The Sports Gambling Gold Rush Is Upon Us and Everyone Is Scrambling to Capitalize


It was always a matter of when and not if sports gambling content would mushroom in the event that legalization ever occurred. While there still aren’t all that many states that have it ready yet — so far it’s only been fully legalized in New Jersey, Delaware, West Virginia, and Mississippi in addition to Nevada which obviously already had it — the programming is already raring up.

The following shows have already been announced:

  • The Action Network, which was launched by former ESPN executive Chad Millman and The Chernin Group, has a show called I’ll Take That Bet, airing several afternoons per week on ESPN+. Personalities on that show include Blackjack Fletcher and former NFL player Geoff Schwartz. They also have a ton of written and podcast content digitally.
  • FS1 is launching a show next week called Lock it In, which will air weekdays at 4:30pm ET with Rachel Bonnetta, Clay Travis, Cousin Sal, and Todd Fuhrman.
  • TVG, a national horseracing network that recently merged with FanDuel, just announced two new gambling shows for Sunday mornings: More Ways to Win with Lisa Kerney, Jason McIntyre (my boss), Dani Klupenger, Dave Weaver, and Brandon Funston; and The Barstool Sports Advisors with Dave Portnoy, Big Cat, PFT Commenter, and Stu Feiner.
  • CBS Sports HQ, CBS’s OTT streaming service, announced they’ll air Sportsline Edge with Nick Kostos, Todd Fuhrman, Hank Goldberg, Kenny White, Micah Roberts and Kelly Stewart. It’ll air on Monday and Thursday nights and weekends at launch and eventually every day.
  • In May, John Ourand reported that NBCSN was also looking into launching a sports gambling show. There have also been rumors that DraftKings is developing one as well.
  • Brent Musburger’s VSiN network has been up and humming on SiriusXM, and it would hardly be surprising to see it pop up on TV and/or a streaming platform soon.

It’s unclear if or when there will be a robust audience for all of this programming — over time, fans will presumably gravitate towards the best personalities and/or information — but it makes sense to get the infrastructure in place as more and more states legalize sports gambling. Frankly, viewership may not even be the primary goal of some or all of these platforms. As Jamie Horowitz, Colin Cowherd, and probably lots of others have said, there are three distinct ways that content can be successful: revenue, ratings, and relevance. If you get two of those you have a home run; landing all three at a level of, say, PTI, is a grand slam.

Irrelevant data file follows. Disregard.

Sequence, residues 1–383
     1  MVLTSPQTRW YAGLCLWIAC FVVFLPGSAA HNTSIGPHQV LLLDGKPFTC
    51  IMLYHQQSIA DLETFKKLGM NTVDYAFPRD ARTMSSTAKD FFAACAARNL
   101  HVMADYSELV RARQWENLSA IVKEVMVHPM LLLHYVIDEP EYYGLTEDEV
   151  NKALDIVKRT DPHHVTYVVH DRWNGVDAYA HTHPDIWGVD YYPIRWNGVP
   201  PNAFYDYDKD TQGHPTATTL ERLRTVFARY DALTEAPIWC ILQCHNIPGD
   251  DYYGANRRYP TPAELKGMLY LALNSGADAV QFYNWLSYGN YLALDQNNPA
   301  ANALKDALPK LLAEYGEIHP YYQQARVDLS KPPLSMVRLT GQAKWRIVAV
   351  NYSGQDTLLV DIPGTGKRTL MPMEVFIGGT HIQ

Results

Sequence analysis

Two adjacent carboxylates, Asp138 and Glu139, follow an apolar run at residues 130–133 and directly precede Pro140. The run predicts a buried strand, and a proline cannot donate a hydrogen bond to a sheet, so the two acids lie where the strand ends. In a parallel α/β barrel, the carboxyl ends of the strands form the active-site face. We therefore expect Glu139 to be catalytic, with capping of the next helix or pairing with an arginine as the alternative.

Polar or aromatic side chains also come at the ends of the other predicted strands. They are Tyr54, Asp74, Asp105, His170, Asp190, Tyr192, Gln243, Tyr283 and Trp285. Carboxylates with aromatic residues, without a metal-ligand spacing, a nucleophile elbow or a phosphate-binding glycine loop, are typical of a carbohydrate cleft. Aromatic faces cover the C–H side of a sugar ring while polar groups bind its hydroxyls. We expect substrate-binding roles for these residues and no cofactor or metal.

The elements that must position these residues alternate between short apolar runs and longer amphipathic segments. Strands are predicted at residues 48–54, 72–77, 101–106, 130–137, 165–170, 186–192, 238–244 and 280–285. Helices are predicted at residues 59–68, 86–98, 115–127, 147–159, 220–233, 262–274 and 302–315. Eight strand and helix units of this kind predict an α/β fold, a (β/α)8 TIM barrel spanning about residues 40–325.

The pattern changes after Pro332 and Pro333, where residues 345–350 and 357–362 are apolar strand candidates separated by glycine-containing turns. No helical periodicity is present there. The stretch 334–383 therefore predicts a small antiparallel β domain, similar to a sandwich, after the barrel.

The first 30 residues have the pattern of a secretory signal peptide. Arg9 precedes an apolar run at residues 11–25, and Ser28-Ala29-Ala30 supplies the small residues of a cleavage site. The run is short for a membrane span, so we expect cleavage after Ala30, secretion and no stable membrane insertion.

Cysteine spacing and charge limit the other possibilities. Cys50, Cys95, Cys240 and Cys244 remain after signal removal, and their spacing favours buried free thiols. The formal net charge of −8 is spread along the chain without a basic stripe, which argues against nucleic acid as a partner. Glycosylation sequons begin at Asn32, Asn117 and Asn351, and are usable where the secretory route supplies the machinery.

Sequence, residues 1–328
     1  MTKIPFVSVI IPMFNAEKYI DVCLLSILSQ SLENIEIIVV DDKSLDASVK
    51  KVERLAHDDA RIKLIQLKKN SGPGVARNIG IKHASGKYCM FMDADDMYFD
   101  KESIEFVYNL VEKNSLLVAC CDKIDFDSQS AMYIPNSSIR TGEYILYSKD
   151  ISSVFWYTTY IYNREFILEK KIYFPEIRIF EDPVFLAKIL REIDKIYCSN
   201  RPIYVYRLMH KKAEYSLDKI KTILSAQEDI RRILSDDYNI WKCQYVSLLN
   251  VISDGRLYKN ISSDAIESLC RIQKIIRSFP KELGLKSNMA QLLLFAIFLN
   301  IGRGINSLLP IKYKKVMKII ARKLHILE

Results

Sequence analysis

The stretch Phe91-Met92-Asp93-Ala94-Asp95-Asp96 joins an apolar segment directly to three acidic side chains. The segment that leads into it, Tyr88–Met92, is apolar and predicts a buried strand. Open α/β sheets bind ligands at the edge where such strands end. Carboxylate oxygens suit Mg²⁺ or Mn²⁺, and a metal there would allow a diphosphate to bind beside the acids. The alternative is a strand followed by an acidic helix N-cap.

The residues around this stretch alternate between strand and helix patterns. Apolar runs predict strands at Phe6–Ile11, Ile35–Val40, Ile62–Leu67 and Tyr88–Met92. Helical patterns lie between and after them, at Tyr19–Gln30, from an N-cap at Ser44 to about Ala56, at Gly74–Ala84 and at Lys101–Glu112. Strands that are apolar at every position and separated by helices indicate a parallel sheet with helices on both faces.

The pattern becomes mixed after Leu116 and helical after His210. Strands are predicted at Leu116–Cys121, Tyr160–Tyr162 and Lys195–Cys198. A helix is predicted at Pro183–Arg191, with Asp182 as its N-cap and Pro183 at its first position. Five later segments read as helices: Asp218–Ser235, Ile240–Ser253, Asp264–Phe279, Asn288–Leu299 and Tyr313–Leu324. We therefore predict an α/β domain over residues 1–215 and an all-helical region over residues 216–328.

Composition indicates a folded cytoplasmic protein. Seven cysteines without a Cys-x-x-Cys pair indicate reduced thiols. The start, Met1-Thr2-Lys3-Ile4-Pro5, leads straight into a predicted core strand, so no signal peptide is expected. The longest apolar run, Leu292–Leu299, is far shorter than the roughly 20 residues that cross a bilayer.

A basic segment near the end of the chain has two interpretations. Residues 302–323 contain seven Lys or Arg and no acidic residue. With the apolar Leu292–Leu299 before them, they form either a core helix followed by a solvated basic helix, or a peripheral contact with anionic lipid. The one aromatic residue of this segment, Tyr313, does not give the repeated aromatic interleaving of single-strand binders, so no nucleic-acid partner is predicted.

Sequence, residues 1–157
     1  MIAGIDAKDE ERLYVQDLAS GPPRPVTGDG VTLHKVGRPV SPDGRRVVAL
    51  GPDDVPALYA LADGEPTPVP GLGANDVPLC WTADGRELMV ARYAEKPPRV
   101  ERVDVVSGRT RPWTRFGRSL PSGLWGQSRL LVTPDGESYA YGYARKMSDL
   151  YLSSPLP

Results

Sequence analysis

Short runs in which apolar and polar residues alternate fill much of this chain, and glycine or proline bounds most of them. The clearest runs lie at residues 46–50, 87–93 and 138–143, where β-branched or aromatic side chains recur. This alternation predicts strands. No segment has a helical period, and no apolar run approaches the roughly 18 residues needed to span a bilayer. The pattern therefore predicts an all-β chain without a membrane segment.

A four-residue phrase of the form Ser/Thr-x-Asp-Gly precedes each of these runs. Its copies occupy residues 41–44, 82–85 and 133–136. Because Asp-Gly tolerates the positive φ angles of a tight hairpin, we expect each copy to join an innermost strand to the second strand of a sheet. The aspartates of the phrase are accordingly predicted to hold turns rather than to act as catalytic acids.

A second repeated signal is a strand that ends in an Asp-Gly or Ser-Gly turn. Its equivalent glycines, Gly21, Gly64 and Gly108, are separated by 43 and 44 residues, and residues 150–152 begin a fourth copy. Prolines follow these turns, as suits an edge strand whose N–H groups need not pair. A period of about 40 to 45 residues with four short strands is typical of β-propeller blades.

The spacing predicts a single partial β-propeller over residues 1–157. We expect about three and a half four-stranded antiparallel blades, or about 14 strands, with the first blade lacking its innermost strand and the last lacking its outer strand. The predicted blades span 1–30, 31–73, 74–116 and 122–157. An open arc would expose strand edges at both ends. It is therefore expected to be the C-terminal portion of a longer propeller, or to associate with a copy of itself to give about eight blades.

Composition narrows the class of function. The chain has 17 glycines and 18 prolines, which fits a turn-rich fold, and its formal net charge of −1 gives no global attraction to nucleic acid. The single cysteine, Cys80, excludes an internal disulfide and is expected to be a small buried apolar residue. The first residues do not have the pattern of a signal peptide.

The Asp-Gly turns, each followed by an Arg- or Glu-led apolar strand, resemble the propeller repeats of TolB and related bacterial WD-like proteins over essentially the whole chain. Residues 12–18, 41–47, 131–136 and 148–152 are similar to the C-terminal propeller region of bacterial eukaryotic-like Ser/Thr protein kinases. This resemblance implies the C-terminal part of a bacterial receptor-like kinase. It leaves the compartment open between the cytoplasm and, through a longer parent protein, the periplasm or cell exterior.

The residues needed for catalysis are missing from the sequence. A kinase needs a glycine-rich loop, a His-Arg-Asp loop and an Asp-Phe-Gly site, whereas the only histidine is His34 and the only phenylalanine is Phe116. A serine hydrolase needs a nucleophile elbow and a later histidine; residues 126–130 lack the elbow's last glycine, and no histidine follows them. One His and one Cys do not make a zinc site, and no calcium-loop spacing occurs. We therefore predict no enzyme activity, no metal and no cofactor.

The revenue is the R to look at with the sports gambling content. As it becomes more and more prevalent — especially from a mobile perspective — the purveyors are going to be looking for places to put their advertising money, and these platforms will be perfectly suited for targeting.

Beyond that, as The Action Network’s CEO Noah Szubski pointed out in Slate’s piece on sports gambling and the media, it’s not just advertising but affiliate marketing that is where the real money will be. This is a model that is prevalent in the United Kingdom, where content creators refer their readers/viewers to sportsbooks and get a cut of their action.

“If I have 8 million qualified users spread around the country and each one can legally bet through a book and there’s an affiliate fee and a percentage of lifetime money, it’s like happy f—— birthday,” Szubski told Slate. “That’s the billion-dollar business.”

This will be fascinating to watch all shake out. Early movers will have a big advantage, new players will emerge, and eventually there will be a lot of consolidation. Who will be the big winners in the end?